I’d also like to go to a convention again. Of course that will require a bit of a job and some money. If I get the second things I do want to do the first. I’m not sure which convention I’d go to. I’ve found a love of smaller cons in the last year or so, however, I do miss GenCon.

Anyway, I think that’s it for now. I hope these posts were fun for you, and I want to thank everyone who joined me along the way. Hope to see you at a con sometime. 

Wednesday, August 30, 2017

RPG a Day 2017 Question 30

What is RPGaDay2017?

I’ll link here to the actual group. Basically, it’s a series of questions that you can answer. There are 31 questions that you can answer to help shine a light on the different reasons people play role-play games. This is my answer to the 30th question. For my full list of answers check here.

Question #30: What is an RPG genre-mashup you would most like to see?
This is a really hard one. I’m pretty sure most every genre mashup already exists and with systems like FATE you can make anything you want. What’s left? I’ve had this idea bubbling in the back of my mind for a few years now. What if you had a medieval, not fantasy, setting with superheroes and villains. I don’t know if it would work, but then I didn’t think post-apocalyptic fantasy would work and yet, Adventure Time is a thing.
Anyway, I think the basic idea would be to have characters with minor superpowers, not on a Superman level, but possibly Heroes for Hire or other street level heroes set in and around the crusades. We sort of have the basic DNA for this with Robin Hood and the Three Musketeers, just do that but amp it up a bit with some flight, eye beams, steampunk, magic, and maybe even an occasional extra-terrestrial. Throw in some psychotic villains bent on European domination.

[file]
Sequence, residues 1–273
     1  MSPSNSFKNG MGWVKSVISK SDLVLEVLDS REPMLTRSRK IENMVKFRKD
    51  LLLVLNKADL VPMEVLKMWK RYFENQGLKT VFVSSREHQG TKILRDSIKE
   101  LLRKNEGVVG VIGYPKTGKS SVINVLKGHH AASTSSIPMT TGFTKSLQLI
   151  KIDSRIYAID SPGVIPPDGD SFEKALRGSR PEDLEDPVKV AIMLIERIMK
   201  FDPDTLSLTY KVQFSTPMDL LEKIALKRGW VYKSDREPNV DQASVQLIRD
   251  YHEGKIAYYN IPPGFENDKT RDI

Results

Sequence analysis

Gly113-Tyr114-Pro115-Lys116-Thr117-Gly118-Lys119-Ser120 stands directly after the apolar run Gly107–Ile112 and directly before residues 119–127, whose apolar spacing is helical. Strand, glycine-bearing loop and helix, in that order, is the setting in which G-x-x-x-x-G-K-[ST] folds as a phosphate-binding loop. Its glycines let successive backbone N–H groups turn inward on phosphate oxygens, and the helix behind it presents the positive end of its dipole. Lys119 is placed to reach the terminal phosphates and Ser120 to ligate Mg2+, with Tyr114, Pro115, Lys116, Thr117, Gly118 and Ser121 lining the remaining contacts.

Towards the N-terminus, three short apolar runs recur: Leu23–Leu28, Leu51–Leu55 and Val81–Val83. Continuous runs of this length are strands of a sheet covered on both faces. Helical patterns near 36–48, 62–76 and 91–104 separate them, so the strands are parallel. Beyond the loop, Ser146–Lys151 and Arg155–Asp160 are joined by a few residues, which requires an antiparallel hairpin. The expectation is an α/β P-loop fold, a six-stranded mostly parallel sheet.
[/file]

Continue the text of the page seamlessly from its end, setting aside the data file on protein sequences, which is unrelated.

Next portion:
I think the biggest challenge for something like this would be to create a world that people could roll into and get behind. I’d want to avoid people just making standard fantasy heroes or Batman in plate mail. I’d love to see someone like, Templar, a noble visage of righteousness. Stout, powerful, and nigh invulnerable, arrows bounce off of him. He wears all white leather with a ten foot cape that never touches the ground because it’s always billowing slightly in the wind. Granted his powers by the divine form of Joan De’Arc.

I think masks and secret identities would be important because many people at that time would just assume witchcraft and being in league with the devil putting our heroes and their loved ones at risk. This is where the game/setting gets tricky. You want to show the superstition of the times but you don’t want to just religion bash either. This may be why it’s a hard sell. Or maybe, no one else is crazy enough to come up with this.

Tuesday, August 29, 2017

RPG a Day 2017 Question 29

What is RPGaDay2017?

I’ll link here to the actual group. Basically, it’s a series of questions that you can answer. There are 31 questions that you can answer to help shine a light on the different reasons people play role-play games. This is my answer to the 29th question. For my full list of answers check here.

Question #29: What has been the best-run RPG Kickstarter you have backed?

I’ve been a part of a couple of RPG’s on Kickstarter, the best one was X-Crawl run by Goodman Games. There are a lot of mistakes that get made by RPG’s on KS. X-Crawl avoided them all. The books came out close to on time, the promised PDF’s were quickly available, and the team communicated with the backers on a regular basis. The avoided the biggest mistake I see KS’s make and that was X-Crawl’s stretch goals that provided extra content were all new books beyond the core rule book. The only things they did to the core rule book were cosmetic; full color art, hard cover, and those sort of things. The core rules were promised on a set day, everything else was released and sent in a second wave.

The biggest mistake I see, the one X-Crawl avoided, was a lot of RPG’s make stretch goals that add pages and content to the main book. They don’t think about how much of a delay this is going to cause. They have to write the new content, edit, play test, go through layout, and add art. This invariably pushes the publishing back and causes huge delays. The ones that work the best, X-Crawl and a couple of others all sent out the core rules in wave one near when they said they’d go out and then sent everything else as supplemental material. It’s gotten to the point that when I see a KS for a new RPG if they’re delivering everything at once I try and figure out how late they’ll be.